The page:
Monday, August 12, 2013

The Anglers' Revolt


While most of the urban left have recently focused on mobilising opposition to the GCSB Bill an unlikely bunch of fishing folk are days away from scoring a resounding victory over the National Government.

This rebellion has sprung from the grassroots but has been focused by the community organisations of the angler community - the New Zealand Sports Fishing Council and its LegaSea action group. The various publications of the fishing community have played an important role as well, agitating in the angler community and helping organise publicity for the campaign.

The Ministry for Primary Industries had proposed cuts from nine to three to the snapper catch of the east coast of the North Island from Northland to the Bay of Plenty.

The reaction from recreational fishers has been clear. As Paul Barnes said on Deaker on Sport, "I think it's an outrage, it's a Ministry out of control trying to drive a privatisation agenda. It is trying to lock the recreational sector into a very small portion of the fishery so that the fishing industry and their exports will be protected."

The anglers quickly built an alliance with Labour's leader David Shearer and have threatened a legal challenge based on Moyle's promise. More than 200 people turned out to a protest in Auckland on a Wednesday at the end of July and LegaSea have gathered more than 17,000 submissions against the changes. To top it all off they've organised 10 public meetings in yacht and fishing clubs up and down the affected area to build the resistance.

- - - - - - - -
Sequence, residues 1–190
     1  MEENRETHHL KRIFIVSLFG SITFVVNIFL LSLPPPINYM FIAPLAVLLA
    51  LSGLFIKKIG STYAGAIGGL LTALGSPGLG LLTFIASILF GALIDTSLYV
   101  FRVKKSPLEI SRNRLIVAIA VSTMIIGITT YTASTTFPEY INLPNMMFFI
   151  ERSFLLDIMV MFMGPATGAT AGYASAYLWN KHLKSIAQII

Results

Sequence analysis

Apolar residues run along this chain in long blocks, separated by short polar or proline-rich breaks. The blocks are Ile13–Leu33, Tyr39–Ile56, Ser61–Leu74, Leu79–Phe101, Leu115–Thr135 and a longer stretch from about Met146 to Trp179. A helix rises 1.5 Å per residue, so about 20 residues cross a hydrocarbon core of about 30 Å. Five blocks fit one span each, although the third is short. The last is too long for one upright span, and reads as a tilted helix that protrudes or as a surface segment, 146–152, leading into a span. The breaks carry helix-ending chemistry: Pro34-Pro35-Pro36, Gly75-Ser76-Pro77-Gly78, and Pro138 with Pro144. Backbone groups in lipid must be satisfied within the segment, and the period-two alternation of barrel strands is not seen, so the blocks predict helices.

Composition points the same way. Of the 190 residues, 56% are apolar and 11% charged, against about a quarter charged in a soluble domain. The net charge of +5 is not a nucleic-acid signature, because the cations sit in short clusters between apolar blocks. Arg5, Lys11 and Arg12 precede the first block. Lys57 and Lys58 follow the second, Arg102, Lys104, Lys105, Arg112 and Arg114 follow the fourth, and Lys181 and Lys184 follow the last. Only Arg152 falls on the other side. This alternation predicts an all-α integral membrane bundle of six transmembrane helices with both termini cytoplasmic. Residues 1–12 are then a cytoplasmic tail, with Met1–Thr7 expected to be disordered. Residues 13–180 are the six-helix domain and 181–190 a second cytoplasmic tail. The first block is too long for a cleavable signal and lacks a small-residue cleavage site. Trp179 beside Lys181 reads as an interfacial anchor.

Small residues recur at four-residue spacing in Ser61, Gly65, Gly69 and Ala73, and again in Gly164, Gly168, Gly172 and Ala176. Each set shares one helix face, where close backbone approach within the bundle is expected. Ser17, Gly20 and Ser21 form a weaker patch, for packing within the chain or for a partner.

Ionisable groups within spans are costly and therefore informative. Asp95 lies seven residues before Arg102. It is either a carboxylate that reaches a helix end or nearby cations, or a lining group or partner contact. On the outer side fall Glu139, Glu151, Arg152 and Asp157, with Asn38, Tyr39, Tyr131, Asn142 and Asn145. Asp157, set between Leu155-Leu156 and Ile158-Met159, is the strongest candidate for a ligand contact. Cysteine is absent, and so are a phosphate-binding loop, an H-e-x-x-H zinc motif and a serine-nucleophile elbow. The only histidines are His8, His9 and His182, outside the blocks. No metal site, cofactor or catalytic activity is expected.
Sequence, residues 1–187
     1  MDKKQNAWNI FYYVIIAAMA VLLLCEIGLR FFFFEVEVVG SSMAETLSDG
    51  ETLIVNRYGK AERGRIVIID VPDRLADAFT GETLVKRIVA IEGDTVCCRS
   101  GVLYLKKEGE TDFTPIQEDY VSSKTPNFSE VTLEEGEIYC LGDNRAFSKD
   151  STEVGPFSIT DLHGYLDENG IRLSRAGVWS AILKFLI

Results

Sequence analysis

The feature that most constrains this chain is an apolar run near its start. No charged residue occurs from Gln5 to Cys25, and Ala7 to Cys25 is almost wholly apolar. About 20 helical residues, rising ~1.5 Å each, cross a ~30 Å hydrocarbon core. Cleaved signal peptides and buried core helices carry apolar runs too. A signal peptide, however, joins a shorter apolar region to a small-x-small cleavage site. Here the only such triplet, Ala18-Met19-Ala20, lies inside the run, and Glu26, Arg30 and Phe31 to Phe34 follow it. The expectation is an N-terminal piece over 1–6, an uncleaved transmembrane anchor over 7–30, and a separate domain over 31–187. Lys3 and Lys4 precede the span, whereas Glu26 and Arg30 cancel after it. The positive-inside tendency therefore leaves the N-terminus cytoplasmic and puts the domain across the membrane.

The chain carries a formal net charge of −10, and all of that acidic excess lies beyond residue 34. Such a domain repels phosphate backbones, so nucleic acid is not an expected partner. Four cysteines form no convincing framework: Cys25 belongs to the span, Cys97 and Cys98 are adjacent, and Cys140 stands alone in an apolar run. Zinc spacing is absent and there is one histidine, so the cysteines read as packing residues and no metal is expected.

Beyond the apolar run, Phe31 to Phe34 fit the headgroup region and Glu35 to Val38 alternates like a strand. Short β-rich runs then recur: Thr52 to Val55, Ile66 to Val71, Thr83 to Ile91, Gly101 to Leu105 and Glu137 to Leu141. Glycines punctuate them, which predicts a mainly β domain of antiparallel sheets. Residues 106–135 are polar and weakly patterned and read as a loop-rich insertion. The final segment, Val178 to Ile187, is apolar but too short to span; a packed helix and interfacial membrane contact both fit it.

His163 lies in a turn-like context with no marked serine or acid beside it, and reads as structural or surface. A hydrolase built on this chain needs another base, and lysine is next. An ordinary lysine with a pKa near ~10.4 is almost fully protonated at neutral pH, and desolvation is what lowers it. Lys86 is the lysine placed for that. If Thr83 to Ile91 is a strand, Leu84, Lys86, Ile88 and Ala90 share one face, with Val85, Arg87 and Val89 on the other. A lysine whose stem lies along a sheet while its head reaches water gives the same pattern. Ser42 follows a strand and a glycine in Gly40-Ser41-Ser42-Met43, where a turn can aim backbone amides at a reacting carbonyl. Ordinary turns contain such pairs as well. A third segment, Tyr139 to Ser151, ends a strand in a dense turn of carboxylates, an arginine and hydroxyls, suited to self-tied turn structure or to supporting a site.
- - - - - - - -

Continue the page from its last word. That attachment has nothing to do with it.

The comments in the anglers Facebook pages demonstrate the rising tide of anti-corporate, anti-goverment hostility amongst the community. Julian said, "When I'm fishing there's only two fishermen, but we have 4 to feed, plus our neighbors who can't get out. 3 fish per person would not allow for sharing as would only last 2-3 meals. I agree a cut is needed, but maybe 6? Three is to drastic. Commercial fisherman also need to play their part in conservation of NZ fisheries, as they empty it the most."

Another fisher called Muzz said, "Go long lining ya prix! Government sux! By catch waste and reckless bottom reef destruction, up grading and book falsifying, foreign fishingboat favouring Aholes! Don't give a rats about fishing do ya! It's all about the money . Do the world a favour people and string a rope between a couple of buoys and drop it off in front of the next commercial boat you see using nets."

Many fishers have pointed out the cronyism in the law change. Dale said, "Of course it wouldn't have anything to do with the fact that National Party president Peter Goodfellow is a director of [major commercial fisher] Sanfords..."

In many ways John Key is wrong when he says New Zealanders care more about the snapper cuts than the GCSB but his comments should not be dismissed offhand - anglers have co-ordinated a strong rebellion, which although unseen by most urban lefties, has strong support from many working-class New Zealanders who are rightly pissed off with having their recreational rights to feed their family usurped by the capitalist fishing boats. 

They anglers with their backcountry rhetoric about 'Queen Street investors' and spraypainted banners might seem parochial but their revolt has shaken the Nats enough to have them on the verge for a backtrack. It'll be a win for the environment and all the fishers out there if the Nats back down. And if the anglers get a taste of their power then that's great - pushing back against the destructive practices of commercial trawlers in our local waters is vital to rebuilding our fishing stocks and saving the Maui's dolphins. All power to the anglers!

-Socialist Aotearoa

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